Nanorobots Order Cancer Cells to Commit Suicide
Inspired by the body's own immune system, Harvard researchers have engineered a nanorobotic device that can deliver molecular instructions to cancer cells, ordering suicide.
What's the Latest Development?
Harvard researchers have created a nanorobot made of DNA strands that can deliver molecular messages to specific cells in the body, such as cancer cells, even ordering them to commit suicide. The robot is made of DNA in the shape of two half-barrels connected by a hinge. When the robot finds its target, the barrel opens and the molecular message stored inside is delivered to the harmful cell. Orders to commit suicide, encoded in anti-body fragments, have already been delivered to leukemia and lymphoma cells.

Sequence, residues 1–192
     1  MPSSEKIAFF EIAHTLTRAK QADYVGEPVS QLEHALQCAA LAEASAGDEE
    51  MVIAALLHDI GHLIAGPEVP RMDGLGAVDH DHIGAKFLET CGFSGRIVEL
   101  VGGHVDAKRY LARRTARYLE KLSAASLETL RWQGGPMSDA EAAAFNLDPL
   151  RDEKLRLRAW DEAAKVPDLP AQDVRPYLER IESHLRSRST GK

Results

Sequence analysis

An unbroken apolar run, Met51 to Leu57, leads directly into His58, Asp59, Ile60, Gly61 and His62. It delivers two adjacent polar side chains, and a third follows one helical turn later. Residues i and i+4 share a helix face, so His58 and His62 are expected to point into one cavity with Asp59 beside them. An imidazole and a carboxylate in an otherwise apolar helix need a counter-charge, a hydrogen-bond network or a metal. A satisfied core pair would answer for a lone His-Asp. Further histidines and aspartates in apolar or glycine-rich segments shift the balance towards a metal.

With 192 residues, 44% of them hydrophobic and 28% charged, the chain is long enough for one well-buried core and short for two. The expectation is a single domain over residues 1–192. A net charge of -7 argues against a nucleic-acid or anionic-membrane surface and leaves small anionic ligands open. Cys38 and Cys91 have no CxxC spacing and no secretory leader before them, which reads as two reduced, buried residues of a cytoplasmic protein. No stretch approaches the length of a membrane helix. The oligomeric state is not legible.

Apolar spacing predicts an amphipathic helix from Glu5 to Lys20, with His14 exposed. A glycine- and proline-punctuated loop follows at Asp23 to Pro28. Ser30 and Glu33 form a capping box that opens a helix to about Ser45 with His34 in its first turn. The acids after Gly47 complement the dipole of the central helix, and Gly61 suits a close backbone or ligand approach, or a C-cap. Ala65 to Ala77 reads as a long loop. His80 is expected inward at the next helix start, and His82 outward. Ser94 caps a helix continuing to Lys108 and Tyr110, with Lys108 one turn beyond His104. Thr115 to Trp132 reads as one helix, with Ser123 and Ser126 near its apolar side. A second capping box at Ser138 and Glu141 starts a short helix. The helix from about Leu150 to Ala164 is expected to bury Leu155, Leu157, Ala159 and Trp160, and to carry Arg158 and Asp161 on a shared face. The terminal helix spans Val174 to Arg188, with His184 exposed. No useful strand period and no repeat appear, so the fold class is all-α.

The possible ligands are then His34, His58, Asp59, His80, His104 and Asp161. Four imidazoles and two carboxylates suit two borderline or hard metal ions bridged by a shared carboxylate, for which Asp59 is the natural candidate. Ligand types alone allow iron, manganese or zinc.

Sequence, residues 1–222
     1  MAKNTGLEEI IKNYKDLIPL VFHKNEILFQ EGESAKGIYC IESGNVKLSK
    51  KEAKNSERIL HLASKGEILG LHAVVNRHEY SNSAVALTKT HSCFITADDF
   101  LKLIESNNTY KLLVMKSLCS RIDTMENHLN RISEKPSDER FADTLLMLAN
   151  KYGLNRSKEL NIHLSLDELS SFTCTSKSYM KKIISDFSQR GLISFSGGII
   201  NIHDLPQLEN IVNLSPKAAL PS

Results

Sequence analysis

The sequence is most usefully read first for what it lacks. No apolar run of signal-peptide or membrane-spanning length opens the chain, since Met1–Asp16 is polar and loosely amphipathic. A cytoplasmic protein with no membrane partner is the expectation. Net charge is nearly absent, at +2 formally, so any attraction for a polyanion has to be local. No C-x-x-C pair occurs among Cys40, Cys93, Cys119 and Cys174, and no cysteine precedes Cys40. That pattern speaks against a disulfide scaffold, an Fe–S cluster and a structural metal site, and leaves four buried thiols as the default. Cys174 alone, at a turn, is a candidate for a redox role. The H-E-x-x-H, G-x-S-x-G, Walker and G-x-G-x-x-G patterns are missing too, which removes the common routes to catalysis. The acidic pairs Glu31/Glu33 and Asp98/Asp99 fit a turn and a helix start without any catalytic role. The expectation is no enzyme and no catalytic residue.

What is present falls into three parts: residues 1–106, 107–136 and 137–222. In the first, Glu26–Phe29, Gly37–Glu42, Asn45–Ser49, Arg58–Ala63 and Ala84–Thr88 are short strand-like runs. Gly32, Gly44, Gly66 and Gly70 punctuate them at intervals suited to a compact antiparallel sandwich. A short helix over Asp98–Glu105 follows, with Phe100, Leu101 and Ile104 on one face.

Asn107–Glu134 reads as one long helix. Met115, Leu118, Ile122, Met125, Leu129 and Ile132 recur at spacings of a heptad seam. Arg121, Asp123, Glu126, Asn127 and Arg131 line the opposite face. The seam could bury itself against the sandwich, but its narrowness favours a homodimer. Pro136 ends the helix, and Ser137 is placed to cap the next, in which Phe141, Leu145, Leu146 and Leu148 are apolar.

What's the Big Idea?
The design of the nanomachine was inspired by the body's own immune system which uses white blood cells to patrol the body for abnormal cells, invading bacteria and viruses. While past attempts have released messages that respond to DNA or RNA, this newest nanobot responds to proteins, "which are more commonly found on cell surfaces and are largely responsible for transmembrane signaling in cells." The technique represents a targeted approach to beating cancer, rather than the broad sweep of current chemotherapy.
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